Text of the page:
by Andrea Puckett
Tonight, I learned the definition of what a hero is. Since I was a child I have always known the technical definition of a hero as being a person noted for feats of courage or nobility of purpose, especially one who has risked or sacrificed his or her life; however, I have heard the term used so freely by the government in the times of war as either a propaganda technique or as a way to consul grieving family members that somehow it lost its meaning.
The last time that I visited my parents a family friend was killed fighting in Iraq. I really didn’t know him extremely well but the idea of someone that I knew dying really hit home the idea of war. I felt sorry for his family but was angered by the way that the news portrayed his death. He was one of two men killed in his troop on the same day; however their deaths were portrayed differently on the local news broadcast.
I come from a small southern town where wealth meant status and people often cater to those who they perceive have power. My family friend came from a wealthy family and the other guy who died was a man from a non-notable family. The news said that my family friend was a hero and spent fifteen minutes discussing the details of his death and showed photos of a military funeral and focused on the idea that he was a hero who had died for his country. The segment for the other guy who died was approximately three minutes long and they did not say that he was a hero but that he was a solider and a father of three and showed images of his son playing on the headstones. My first thought was that the television station focused on one being a hero and the other a father because of the status that each of their families had in the community. I carried this thought with me several weeks.
In these times of war, the line of being a solider and being a hero can often be blurred until you learn and listen to the story behind the words. Tonight, my mother called me and informed me why they called our family friend a hero. Our friend’s parents were told that he was killed from a shot to the head. However, when he arrived back in the United States, there was no wound to the head. His parents thought that it was a noble thing to fight for your country but they didn’t know why people were calling him a hero. They found out that he had died not from a wound to the head but he died by jumping on a grenade to save his troop.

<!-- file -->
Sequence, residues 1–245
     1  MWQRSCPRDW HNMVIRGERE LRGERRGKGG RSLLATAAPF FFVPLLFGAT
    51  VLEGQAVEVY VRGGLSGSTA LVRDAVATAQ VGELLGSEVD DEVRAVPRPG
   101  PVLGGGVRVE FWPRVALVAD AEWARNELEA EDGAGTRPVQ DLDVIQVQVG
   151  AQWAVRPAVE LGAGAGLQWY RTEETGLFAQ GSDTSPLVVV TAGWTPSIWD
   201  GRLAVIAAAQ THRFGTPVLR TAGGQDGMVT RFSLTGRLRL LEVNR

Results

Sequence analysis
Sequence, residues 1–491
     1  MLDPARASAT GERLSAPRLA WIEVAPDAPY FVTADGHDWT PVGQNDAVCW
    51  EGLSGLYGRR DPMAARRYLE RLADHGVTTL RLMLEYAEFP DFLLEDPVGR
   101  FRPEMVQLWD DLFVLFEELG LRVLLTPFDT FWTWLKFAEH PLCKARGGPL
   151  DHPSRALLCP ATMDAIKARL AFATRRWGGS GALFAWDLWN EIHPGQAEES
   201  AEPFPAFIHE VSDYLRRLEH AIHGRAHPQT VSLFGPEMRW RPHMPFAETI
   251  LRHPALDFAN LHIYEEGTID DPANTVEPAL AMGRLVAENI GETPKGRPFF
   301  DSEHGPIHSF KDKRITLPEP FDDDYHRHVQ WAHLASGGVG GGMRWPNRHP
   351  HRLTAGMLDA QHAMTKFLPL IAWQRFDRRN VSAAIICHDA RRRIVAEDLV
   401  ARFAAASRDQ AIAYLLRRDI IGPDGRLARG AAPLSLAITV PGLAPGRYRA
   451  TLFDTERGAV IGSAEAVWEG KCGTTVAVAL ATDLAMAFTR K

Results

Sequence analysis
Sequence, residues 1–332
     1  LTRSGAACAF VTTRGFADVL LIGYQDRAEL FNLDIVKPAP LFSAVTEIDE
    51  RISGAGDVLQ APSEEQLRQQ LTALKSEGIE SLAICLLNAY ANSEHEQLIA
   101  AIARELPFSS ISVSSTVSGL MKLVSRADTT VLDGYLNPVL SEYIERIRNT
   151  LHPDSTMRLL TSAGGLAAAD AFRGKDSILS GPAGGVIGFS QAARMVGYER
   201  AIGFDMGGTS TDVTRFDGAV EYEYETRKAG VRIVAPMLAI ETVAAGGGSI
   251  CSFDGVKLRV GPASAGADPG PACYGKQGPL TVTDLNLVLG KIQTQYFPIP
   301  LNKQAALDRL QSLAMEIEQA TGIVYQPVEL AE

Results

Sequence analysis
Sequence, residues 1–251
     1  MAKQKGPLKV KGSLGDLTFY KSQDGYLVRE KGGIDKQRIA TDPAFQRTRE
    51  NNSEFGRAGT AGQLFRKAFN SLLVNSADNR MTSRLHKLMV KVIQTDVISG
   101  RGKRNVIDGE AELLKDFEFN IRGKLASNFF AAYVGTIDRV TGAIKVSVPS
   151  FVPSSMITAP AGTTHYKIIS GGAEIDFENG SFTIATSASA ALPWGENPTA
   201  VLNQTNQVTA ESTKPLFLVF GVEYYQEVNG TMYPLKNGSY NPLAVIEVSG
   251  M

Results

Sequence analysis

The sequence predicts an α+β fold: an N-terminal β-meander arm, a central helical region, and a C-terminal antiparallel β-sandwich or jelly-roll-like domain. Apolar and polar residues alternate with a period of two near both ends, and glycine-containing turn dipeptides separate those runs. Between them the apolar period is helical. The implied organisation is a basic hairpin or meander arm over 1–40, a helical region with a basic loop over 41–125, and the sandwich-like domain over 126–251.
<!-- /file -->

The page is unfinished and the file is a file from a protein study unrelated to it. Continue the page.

Knowing that he died to save others strangely comforted his friends and family because he went to war on a mission to give back to others. Our family friend, was a man who held degrees from notable institutions and had the respect of his friends and family, but what meant most to him was respecting himself and knowing that he had made a difference beyond the community walls that would open doors for others internationally.
On the battlefield, political boundary lines and biases are often forgotten and personal respect emerges. Last week, President Bush recognized him for being a hero because he gave his life for his country. Bush acknowledged that our family friend hated going to war, and that our friend didn’t vote for Bush or believe in his politics but that he did fight for freedom and died fighting for his country and protecting his men.
Two weeks after his death, his family received the last letter that he sent home. The words in it were strangely prophetic that if he must die that it should be helping others. They found a poem in pocket titled “Don’t Quit.” He carried it with him in his pocket and it was torn and faded but it was said that he read it every day to remind him of the joy of every failure and that out of every struggle and loss springs hope and opportunity.
There are many different points of view towards the war in Iraq. However, no matter your political philosophy or personal opinion towards the war when someone you know dies it makes you realize how precious life is and how quickly it can be taken away. Securing precious resources and political allegiances take a backseat to understanding one man’s fight for what he believes in.
When I reflect on war and my friends, I really hate to see the kids that I went to Military Balls with at Virginia Tech or that I watched play football or was in cheerleading with in high school die. However, I admire them all that are fighting for a belief in their country and posses a bond with people that I cannot imagine.
I do not know the people that he saved or the circumstance that our family friend found himself in when he saved his men. However, I do understand that somewhere tonight there are families that are grateful for our family friend and I know that above all he will always live through the people that he saved. Having a belief that someone did not die in vain can inspire hope in those that must live on.
Tonight, I learned that being a hero cannot be explained in words but it must be internalized and given a story to come alive. Learning the definition of what a hero is comes at a heavy price. The price is measured in tears and struggle. Our family friend who died told his family that he went to war because he realized that he had been blessed with so many opportunities in life and wanted to give back to others what he had been given. He gave the ultimate gift: LIFE